- In 1905 Zamenhof received the Légion d'honneur for creating Esperanto. In 1910, Zamenhof was nominated for the Nobel Peace Prize, by four British Members of Parliament (including James O'Grady, Philip Snowden) and Professor Stanley Lane Poole. (The Prize was instead awarded to the International Peace Bureau.) On the occasion of the 5th Universala Kongreso de Esperanto in Barcelona, Zamenhof was made a Commander of the Order of Isabella the Catholic by King Alfonso XIII of Spain.
- Fundamenta Krestomatio (Esperanto Edition)
- Unlike some other reproductions of classic texts (1) We have not used OCR(Optical Character Recognition), as this leads to bad quality books with introduced typos.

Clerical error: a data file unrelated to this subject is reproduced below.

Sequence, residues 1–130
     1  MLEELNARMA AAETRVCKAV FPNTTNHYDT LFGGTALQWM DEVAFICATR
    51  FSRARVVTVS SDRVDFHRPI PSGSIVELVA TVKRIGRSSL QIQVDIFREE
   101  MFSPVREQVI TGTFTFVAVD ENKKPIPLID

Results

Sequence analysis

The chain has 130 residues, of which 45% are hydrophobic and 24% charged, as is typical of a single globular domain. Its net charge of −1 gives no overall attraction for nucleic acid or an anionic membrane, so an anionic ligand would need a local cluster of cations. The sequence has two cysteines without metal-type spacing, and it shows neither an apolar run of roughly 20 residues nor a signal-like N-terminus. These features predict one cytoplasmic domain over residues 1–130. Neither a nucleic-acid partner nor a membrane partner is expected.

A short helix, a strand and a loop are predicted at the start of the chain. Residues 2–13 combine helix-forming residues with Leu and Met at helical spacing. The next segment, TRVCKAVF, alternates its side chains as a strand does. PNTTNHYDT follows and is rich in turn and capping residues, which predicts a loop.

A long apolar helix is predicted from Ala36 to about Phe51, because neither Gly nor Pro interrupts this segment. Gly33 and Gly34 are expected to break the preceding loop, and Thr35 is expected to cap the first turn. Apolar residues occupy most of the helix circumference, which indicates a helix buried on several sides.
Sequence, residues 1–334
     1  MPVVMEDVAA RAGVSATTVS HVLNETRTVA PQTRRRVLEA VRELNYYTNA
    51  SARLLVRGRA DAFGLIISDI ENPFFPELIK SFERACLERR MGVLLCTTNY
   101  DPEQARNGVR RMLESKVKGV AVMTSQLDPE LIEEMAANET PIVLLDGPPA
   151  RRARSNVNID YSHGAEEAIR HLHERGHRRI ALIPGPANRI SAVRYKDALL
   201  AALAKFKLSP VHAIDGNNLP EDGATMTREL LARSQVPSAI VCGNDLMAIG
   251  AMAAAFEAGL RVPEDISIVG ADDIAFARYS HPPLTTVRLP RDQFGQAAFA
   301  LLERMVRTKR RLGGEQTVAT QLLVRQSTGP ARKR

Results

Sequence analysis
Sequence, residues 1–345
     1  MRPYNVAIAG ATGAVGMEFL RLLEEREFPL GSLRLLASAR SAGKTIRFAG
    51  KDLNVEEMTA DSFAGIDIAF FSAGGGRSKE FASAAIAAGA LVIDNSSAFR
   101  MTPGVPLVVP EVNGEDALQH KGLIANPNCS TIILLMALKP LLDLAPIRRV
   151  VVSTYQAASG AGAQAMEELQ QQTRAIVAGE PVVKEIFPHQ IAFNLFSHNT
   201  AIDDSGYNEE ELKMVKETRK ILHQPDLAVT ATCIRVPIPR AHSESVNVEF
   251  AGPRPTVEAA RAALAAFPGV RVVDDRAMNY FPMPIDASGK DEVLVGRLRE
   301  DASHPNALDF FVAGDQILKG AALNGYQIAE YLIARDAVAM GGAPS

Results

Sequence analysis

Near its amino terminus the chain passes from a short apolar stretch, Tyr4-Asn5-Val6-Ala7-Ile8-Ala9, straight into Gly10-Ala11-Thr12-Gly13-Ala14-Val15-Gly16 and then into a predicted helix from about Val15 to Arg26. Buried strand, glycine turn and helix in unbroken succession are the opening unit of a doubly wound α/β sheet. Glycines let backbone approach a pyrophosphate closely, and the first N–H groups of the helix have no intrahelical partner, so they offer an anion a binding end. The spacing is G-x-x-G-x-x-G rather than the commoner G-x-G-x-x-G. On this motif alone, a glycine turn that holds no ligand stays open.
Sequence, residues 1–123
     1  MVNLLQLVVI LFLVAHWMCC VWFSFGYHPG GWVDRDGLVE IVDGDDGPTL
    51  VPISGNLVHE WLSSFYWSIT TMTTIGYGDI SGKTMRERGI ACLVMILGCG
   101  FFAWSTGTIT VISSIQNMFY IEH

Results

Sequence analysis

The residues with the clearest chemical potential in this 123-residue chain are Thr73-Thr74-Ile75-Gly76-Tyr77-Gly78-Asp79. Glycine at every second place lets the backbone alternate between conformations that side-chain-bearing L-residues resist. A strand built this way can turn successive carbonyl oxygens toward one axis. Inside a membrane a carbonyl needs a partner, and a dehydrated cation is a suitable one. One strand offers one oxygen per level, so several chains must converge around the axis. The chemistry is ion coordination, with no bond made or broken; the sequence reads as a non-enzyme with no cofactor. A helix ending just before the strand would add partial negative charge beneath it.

- An Attempt Towards an International Language (Classic Reprint)
- Excerpt from An Attempt Towards an International Language Sadler's Translating English into French.
- An Attempt Towards An International Language eBook: Ludwik Lejzer Zamenhof (Dr. Esperanto), Jr. Henry Phillips: Kindle Store
- An Attempt Towards An International Language is the creation of Esperanto, a universal language.
Born December 15, 1859
Died April 14, 1917